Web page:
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Author Topic: Books and Ressources on the Use of Stories for spiritual or therapeutic Purposes  (Read 5386 times)

Waldhexe

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Do you know any other good book or ressource about the use of stories for spiritual or emotional growth (for adults)?

I can only think of

- Clarissa Pinkola Estés: Woman Who Run With the Wolve. Myths and Stories of the Wild Woman Archetype

which I can recommend as an interesting read in relation to this SIG although it focuses on women. It's been a while since I read it, so I don't remember it in much detail, but I think she doesn't only interpret several fairy tales and explains their healing properties, but also talks a bit about storytelling as an art and the responsibilities of the storyteller.

***

Can anyone else recommend a book to enhance our understanding?

It might be interesting to see how other spiritual paths (maybe druidry???) use stories to guide people on their spiritual journey or how stories are used in psychotherapy to process emotional issues.

Rowanfox

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Quote from: Waldhexe;30731
Do you know any other good book or ressource about the use of stories for spiritual or emotional growth (for adults)?

I can only think of

- Clarissa Pinkola Estés: Woman Who Run With the Wolve. Myths and Stories of the Wild Woman Archetype

which I can recommend as an interesting read in relation to this SIG although it focuses on women. It's been a while since I read it, so I don't remember it in much detail, but I think she doesn't only interpret several fairy tales and explains their healing properties, but also talks a bit about storytelling as an art and the responsibilities of the storyteller.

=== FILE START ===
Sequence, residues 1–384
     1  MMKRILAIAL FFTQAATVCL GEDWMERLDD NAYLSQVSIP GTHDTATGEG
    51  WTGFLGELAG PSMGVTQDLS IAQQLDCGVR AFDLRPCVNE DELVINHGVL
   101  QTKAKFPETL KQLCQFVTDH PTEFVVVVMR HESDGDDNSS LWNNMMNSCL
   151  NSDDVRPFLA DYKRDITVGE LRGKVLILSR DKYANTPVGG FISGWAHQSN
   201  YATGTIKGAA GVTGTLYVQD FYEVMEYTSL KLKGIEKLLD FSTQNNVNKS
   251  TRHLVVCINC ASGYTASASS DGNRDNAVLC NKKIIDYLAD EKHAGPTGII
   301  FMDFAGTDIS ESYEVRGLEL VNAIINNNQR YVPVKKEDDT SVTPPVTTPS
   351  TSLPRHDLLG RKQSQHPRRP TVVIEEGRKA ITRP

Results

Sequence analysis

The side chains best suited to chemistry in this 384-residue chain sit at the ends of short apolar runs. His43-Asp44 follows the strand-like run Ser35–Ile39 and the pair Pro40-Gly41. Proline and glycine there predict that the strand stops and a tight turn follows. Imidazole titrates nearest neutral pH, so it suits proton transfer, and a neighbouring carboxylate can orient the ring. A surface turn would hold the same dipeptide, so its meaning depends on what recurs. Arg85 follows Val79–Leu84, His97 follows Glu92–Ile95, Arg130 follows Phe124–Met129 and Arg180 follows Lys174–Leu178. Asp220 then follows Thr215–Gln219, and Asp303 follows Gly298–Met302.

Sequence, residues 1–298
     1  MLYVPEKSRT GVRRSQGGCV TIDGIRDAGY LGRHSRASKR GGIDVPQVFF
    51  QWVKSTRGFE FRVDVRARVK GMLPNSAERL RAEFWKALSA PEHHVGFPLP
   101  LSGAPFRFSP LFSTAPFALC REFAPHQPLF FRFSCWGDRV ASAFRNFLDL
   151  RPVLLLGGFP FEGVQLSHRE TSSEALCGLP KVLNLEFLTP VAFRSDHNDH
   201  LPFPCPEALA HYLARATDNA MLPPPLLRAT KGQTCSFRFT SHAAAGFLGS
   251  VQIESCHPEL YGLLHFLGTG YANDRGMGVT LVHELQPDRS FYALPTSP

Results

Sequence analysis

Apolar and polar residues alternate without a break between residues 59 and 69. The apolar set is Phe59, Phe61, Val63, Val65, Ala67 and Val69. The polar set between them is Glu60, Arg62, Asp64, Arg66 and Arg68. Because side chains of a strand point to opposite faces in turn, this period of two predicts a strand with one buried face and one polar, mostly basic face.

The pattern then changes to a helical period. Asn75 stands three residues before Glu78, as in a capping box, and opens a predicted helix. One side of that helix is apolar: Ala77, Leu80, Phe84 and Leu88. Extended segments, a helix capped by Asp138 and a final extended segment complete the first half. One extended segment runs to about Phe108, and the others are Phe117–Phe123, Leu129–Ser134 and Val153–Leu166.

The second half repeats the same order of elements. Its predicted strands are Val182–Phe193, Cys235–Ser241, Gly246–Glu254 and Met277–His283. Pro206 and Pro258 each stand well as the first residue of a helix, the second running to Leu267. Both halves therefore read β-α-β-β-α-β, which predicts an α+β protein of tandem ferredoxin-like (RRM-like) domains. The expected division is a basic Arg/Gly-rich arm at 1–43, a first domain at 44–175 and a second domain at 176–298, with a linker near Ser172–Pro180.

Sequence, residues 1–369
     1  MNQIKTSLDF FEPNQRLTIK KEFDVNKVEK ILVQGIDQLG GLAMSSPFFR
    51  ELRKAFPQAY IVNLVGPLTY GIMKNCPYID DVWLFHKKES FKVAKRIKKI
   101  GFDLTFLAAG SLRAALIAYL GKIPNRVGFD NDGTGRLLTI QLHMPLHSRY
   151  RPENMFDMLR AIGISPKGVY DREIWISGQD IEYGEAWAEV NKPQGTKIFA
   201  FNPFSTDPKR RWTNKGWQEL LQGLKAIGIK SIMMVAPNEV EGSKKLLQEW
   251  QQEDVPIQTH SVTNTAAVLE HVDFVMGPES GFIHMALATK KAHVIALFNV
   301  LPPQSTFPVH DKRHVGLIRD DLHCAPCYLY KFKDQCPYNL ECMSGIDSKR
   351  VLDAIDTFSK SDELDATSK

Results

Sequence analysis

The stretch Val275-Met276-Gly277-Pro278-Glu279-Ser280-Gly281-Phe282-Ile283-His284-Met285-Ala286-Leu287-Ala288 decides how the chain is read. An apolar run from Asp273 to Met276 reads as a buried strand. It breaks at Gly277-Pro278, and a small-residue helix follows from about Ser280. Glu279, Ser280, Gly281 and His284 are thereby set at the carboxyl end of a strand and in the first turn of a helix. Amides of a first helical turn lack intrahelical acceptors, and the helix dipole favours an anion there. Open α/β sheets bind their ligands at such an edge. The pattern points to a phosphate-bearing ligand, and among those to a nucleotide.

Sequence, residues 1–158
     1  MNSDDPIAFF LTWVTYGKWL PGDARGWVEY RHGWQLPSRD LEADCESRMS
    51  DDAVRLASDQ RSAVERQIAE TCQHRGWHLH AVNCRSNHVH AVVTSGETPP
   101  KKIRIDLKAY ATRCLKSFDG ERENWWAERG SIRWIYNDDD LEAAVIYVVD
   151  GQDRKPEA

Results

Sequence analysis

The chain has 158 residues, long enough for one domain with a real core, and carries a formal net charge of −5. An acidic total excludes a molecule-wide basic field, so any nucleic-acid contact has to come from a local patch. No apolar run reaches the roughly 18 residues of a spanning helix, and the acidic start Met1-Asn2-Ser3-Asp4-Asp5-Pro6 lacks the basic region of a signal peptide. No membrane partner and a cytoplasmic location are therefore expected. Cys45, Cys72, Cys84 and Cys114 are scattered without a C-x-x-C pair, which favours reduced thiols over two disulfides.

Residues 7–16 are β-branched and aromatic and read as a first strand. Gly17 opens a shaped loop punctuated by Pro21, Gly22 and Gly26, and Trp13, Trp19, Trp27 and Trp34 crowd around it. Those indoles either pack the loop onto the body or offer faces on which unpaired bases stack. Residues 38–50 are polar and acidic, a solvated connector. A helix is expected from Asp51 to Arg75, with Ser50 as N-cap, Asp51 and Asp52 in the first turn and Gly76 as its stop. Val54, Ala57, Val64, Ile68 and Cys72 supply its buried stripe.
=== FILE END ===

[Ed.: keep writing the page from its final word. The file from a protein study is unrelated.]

***

Can anyone else recommend a book to enhance our understanding?

It might be interesting to see how other spiritual paths (maybe druidry???) use stories to guide people on their spiritual journey or how stories are used in psychotherapy to process emotional issues.


I believe at one time fairy tales (the original ones, not the Disney-fied versions) were meant as moral and spiritual lessons for folks.

There are a number of authors who are recreating old fairy tales, and investigating new ones. If you google Terri Windling, there is lots of information about books and anthologies she has written and edited.

Most books of a religious or spiritual nature use stories as teaching tools. The Mabinogion, the Bible, the Koran and the Baghavad Gita come to mind.

Teri

Lokabrenna

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Quote from: Waldhexe;30731

Can anyone else recommend a book to enhance our understanding?


There's a book that was used in my storytelling class, called Suddenly They Heard Footsteps: Storytelling for the 21st Centuryby Dan Yashinsky. There's a chapter called "Emergency Storytelling" where he talks about telling stories to help people who have experienced tragedy in some way.

There are also some retold folktales at the back of the book.

Morag

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Quote from: Waldhexe;30731
Can anyone else recommend a book to enhance our understanding?

 
The only one I can think of off the top of my head is The Storyteller's Goddess by Carolyn McVickar Edwards. I haven't read the entire thing but what I have gleaned from its contents is that if you're comfortable with using a goddess-oriented book then it could be pretty beneficial.

I have some other books lying around on this topic but I have to do some cleaning before I know which ones they are.
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Waldhexe

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Thanks everyone for the interesting input so far!

Quote from: Morag;31069
The only one I can think of off the top of my head is The Storyteller's Goddess by Carolyn McVickar Edwards. I haven't read the entire thing but what I have gleaned from its contents is that if you're comfortable with using a goddess-oriented book then it could be pretty beneficial.